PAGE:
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  1. #21
    Join Date
    Jun 2010
    Location
    Alexandria, VA
    Posts
    371

    Default Re: Overwintering in one deep

    I overwintered 4 nucs from Fall-started queens. Two were 10-framers in double-stacked 5-frame medium boxes, and did the best (biggest population now). One was 8 frames in a medium super, and the queen has filled 6 of the frames with brood. One was a Kenya-nuc where the top was the size of a 5-frame nuc, so probably about 3/4 the size of a 5-frame medium nuc. All are doing fantastic and packing on the pollen. I'm putting on supers for them now to expand their laying. Oh... and I fed as long as it was warm (about mid November) and didn't put any candy or sugar on after that. Also, they're no-treatment Russian-mutts, so they didn't eat everything they had in the first month.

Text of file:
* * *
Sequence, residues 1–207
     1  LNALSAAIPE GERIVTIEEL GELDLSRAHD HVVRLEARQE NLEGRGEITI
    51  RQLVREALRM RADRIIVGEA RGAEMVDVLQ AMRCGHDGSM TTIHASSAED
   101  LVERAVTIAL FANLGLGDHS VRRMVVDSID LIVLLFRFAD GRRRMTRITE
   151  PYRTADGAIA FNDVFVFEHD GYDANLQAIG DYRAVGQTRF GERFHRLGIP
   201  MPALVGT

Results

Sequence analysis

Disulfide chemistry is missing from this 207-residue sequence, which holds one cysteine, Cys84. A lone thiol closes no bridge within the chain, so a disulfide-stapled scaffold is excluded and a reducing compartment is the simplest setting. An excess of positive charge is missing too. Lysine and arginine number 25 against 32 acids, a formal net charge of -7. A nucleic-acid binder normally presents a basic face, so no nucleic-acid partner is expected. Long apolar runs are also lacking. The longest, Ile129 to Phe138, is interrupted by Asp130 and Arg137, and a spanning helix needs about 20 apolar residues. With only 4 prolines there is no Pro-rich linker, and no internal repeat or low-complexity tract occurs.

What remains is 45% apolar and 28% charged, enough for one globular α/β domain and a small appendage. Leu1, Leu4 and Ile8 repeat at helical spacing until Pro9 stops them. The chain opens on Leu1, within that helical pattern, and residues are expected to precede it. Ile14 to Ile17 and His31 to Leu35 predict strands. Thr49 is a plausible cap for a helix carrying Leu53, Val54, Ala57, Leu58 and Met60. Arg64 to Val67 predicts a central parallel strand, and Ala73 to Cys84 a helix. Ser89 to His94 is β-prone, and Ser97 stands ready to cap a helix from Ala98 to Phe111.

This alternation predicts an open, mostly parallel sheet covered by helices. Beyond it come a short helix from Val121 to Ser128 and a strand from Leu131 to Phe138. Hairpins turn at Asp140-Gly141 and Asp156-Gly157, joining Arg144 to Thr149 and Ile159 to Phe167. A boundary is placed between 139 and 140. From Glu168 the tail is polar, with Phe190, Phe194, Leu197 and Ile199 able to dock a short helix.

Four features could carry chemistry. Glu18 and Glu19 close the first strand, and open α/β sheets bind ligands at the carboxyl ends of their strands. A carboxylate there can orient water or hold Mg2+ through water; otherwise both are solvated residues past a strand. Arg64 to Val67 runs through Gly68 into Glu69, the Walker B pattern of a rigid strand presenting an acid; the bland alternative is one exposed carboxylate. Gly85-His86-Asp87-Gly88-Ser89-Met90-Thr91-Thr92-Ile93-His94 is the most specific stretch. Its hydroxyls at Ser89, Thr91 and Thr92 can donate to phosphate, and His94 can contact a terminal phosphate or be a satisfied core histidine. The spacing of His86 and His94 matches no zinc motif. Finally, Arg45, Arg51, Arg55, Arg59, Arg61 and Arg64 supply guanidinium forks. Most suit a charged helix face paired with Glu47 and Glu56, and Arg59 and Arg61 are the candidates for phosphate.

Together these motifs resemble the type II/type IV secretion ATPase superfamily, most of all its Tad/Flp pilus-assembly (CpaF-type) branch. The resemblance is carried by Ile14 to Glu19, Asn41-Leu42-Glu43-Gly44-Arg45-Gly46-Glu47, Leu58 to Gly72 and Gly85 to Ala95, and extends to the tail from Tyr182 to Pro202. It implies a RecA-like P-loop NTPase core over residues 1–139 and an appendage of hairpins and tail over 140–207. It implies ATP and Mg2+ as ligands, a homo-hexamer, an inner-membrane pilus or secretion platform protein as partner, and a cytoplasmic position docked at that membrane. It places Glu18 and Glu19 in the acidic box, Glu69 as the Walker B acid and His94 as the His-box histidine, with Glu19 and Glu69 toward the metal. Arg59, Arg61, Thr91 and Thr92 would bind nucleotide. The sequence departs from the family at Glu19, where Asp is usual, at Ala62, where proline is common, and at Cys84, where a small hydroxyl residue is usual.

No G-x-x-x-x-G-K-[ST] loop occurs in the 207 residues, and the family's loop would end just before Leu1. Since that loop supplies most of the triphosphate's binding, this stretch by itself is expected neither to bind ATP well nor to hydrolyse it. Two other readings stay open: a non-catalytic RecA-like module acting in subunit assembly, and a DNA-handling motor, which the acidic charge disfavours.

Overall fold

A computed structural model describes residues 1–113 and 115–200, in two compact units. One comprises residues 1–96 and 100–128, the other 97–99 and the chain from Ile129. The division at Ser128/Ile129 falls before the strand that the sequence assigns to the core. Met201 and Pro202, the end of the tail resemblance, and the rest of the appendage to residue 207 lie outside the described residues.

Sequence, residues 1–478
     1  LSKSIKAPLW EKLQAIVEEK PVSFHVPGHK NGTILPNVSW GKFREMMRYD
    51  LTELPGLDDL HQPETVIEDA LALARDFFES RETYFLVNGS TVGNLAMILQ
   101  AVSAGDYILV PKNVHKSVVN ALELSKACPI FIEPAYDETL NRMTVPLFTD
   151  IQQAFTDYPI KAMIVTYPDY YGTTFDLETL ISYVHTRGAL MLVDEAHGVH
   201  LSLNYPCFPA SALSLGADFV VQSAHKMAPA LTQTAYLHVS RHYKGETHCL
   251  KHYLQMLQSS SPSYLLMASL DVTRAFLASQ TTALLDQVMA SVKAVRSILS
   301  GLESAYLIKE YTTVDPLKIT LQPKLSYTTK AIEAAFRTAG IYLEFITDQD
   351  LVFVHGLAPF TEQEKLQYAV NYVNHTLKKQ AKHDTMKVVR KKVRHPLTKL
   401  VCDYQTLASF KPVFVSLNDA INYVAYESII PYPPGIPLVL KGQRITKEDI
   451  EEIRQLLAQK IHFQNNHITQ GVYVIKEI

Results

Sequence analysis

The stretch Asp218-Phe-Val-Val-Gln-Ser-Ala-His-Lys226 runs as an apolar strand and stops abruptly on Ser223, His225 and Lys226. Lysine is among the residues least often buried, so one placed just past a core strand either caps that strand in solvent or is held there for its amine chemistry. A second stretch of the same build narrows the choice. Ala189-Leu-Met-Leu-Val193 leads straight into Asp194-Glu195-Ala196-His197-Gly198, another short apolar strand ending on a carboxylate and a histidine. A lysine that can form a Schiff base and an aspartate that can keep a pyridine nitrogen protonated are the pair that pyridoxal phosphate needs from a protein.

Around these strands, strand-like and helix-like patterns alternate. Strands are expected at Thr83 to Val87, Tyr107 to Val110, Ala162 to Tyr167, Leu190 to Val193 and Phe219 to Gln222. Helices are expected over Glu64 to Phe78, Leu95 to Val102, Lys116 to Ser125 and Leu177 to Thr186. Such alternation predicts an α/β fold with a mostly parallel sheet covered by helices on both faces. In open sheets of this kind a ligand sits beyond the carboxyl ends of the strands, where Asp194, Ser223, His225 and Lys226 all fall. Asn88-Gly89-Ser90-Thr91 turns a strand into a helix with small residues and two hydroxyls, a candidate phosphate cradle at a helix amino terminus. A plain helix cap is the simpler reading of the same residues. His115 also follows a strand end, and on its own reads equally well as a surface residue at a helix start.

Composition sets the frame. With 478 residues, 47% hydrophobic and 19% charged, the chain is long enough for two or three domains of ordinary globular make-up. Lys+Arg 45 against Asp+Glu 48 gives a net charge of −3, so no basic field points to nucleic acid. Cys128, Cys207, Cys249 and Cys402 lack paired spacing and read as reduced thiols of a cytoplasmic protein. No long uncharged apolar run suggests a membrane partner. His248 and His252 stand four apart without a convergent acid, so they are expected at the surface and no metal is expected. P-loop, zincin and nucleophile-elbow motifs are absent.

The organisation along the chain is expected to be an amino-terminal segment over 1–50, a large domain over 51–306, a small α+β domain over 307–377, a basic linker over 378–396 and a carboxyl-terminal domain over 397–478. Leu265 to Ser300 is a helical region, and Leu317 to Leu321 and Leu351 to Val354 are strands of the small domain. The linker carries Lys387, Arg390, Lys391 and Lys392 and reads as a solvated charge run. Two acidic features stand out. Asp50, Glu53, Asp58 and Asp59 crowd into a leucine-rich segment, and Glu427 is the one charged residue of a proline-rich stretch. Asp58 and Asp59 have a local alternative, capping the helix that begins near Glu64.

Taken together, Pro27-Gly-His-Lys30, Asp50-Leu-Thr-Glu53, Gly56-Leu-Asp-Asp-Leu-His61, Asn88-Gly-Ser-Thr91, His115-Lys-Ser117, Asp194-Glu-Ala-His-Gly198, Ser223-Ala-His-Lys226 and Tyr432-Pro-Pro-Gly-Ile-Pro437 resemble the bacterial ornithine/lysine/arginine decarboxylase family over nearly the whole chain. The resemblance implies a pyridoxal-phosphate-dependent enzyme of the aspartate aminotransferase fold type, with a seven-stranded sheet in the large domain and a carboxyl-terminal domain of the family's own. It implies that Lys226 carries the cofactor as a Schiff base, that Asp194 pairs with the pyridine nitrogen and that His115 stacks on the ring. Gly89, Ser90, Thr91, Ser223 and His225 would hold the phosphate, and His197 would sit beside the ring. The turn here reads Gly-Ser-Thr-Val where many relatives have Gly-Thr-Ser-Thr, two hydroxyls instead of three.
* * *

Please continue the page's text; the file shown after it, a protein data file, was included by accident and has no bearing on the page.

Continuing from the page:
2. #22
    Join Date
    Jan 2007
    Location
    Manitoba, Canada
    Posts
    397

    Default Re: Overwintering in one deep

    Quote Originally Posted by Marc View Post
    The massive feeding we had to do last fall paid off. Now some are still so full of capped stores it might impede the queen from laying
    There's the key: Pound them full of feed. Mine are wintered indoors as singles, but they don't get feed or fly for 5 and a half months and massive feeding is the key.

    It's easier to pull a couple of frames in spring to give the queen room than to clean up a starved hive.

  3. #23
    Join Date
    Dec 2006
    Location
    St. Albans, Vermont
    Posts
    5,120

    Default Re: Overwintering in one deep

    Quote Originally Posted by pine_ridge_farms View Post